Colonic mucosal biopsy scraping was taken from the distal colon using cold biopsy forceps. Non-adherent fecal material was removed by washing and swirling in 1 ml sterile PBS. The mucosal samples were then flash-frozen at −80°C for further microbiota analysis. Genomic DNA from mucosal samples was extracted using the protease K lysis and phenol chloroform extraction. 16S rRNA genes were amplified by PCR using general bacterial primers (515F 5’-GTGCCAGCMGCCGCGGTAA-3’ and 926R 5’-CCGTCAATTCMTTTGAGTTT-3’). The raw fastq files were demultiplexed according to the barcode, as described by Li XX et al. (23). Using the UPARSE pipeline (http://drive5.com/usearch/manual/uparsecmds.html), the demultiplexed reads were clustered into operational taxonomic units (OTUs) at 97% sequence identity. OTU taxonomies (from Phylum to Species) were determined on the basis of NCBI. For the alpha-diversity analysis, Shannon, Simpson, Chao, ACE index were calculated using mothur (version 1.33.3, http://www.mothur.org/) and the corresponding curves were plotted by R (version 3.2.3, R Development Core Team, 2016). For beta-diversity metrics, the weighted and unweighted UniFrac distance matrix were calculated by mothur, and visualized with tree and principal coordinate analysis (PCoA) by R.
Data were expressed as mean ± SEM. Data between groups of human samples were analyzed by paired Student’s t test. Data among groups of mice were assessed by one-way ANOVA or two-way ANONA, followed by Tukey’s post-test using GraphPad Prism (version 7.01, GraphPad Prism Inc., USA). A two-side P < 0.05 was considered statistically significant.
The patient study was performed following the guidelines of the Ethics Committee of the Tongji Hospital and conform to the ethical standards of the World Medical Association Declaration of Helsinki. Participants’ written informed consent was received prior to inclusion in the study. All animal experiments were approved by the Animal Care and Use Committee of Tongji Hospital, Huazhong University of Science and Technology.
Elevated HMGB1 Expression in Inflamed Colonic Tissues of Ulcerative Colitis Patients
In order to determine HMGB1 expression during colonic inflammation, 14 patients with UC [aged 46.10 ± 1.01 years, 9 (64.3%) males] were recruited. The patients were all E1 according to Montreal classification and their Mayo score was 4.93 ± 0.07. Fourteen pairs of tissue samples were endoscopically biopsied from the inflamed rectal areas and their adjacent non-inflamed regions. Inflamed and non-inflamed regions in the rectum of UC patients were shown in a representative endoscopic picture (Figure 1A). A schematic diagram was drawn to indicate the inflamed and non-inflamed regions as well as the biopsy sites (Figure 1A). The mRNA expression of TNF-α, IFN-γ, IL-1β, IL-6, and IL-8 was significantly increased in the inflamed tissues compared to adjacent non-inflamed tissues, which was consistent with the endoscopic manifestations. In line with the changes in these inflammatory cytokines, the mRNA expression of HMGB1 was also increased in inflamed regions (Figure 1B).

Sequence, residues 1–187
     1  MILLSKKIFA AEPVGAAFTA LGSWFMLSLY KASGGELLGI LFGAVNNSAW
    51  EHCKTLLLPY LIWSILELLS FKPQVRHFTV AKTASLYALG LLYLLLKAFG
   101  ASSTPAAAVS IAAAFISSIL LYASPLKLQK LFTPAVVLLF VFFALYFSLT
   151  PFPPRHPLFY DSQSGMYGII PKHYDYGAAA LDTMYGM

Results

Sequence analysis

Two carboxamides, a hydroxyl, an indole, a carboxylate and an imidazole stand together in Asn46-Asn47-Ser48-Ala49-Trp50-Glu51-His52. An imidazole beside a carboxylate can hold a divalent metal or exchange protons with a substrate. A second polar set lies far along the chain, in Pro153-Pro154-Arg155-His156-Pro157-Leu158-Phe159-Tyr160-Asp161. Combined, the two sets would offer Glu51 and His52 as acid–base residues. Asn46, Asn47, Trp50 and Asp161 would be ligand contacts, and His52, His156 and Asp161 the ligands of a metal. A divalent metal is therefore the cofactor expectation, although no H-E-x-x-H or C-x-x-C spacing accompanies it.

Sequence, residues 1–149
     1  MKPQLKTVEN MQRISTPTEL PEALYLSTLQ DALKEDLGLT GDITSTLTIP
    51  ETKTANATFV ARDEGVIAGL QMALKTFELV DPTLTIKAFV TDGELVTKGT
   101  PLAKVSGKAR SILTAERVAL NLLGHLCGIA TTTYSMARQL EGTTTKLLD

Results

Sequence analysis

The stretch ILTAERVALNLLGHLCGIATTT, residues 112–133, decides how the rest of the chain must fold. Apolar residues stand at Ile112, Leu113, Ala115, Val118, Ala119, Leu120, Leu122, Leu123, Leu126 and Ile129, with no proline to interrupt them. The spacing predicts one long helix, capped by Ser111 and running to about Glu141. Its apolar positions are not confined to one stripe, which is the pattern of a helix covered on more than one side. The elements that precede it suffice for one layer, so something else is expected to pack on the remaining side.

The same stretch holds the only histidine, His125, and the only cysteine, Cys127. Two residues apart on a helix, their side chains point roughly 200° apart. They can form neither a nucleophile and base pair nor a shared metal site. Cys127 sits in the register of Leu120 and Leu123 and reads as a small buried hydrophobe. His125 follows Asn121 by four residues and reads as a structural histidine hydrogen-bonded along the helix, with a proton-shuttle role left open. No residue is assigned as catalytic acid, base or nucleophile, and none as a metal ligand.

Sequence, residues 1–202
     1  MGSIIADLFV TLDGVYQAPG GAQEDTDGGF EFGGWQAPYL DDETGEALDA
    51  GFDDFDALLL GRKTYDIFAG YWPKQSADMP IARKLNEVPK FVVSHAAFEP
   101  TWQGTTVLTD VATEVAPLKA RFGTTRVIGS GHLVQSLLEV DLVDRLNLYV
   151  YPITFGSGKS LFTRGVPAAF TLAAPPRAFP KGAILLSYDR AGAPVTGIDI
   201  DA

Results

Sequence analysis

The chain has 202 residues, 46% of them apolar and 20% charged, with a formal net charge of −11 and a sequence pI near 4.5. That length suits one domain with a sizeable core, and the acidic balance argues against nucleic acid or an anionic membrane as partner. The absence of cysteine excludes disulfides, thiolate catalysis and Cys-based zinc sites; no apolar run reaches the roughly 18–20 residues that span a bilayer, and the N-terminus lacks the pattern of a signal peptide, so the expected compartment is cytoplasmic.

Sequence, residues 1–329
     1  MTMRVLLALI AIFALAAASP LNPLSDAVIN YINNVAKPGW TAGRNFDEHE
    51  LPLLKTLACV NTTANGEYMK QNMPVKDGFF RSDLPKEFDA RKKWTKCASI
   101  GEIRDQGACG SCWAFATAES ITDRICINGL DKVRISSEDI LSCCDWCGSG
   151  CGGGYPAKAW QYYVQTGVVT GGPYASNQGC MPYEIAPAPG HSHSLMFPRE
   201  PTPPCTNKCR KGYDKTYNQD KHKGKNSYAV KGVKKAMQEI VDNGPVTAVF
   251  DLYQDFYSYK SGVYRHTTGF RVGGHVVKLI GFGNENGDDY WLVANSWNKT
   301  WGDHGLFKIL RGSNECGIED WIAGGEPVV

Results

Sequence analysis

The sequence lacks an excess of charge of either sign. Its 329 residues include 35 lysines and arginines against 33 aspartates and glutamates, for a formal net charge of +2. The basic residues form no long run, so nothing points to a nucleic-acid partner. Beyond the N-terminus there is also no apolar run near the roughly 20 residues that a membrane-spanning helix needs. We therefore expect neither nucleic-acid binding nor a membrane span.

Figure 1 Increased HMGB1 in the inflamed colonic tissues of ulcerative colitis (UC) patients. (A) Rectal inflamed biopsies and their adjacent non-inflamed samples of ulcerative rectitis patients. Ulcerative rectitis endoscopy (left panel). Schematic diagram of inflamed and non-inflamed rectal biopsies in ulcerative rectitis patients during endoscopy (right panel). Red line, demarcation line of inflamed and non-inflamed area. X, biopsy point. (B) Relative messenger RNA (mRNA) expression of HMGB1, TNF-α, IFN-γ, IL-1β, IL-6, and IL-8 mRNA were significantly increased in the inflamed tissues compared to the non-inflamed tissues. Glyceraldehyde-3-phosphate dehydrogenase (GAPDH) was used as an internal control. (C) Immunohistochemistry (IHC) staining of HMGB1 in non-inflamed (left panels) and inflamed (right panels) tissues. Scale bar: 400 μm (upper panels), 40 μm (lower panels). (D) Western analysis demonstrated significantly higher HMGB1 protein expression in the inflamed tissues compared to the non-inflamed tissues. Data in (A) were representative of 14 independent experiments. Data in (B, D) were presented as mean ± SEM of 14 independent experiments. *P < 0.05, **P < 0.01, ***P < 0.001, by paired Student’s t test (B, D).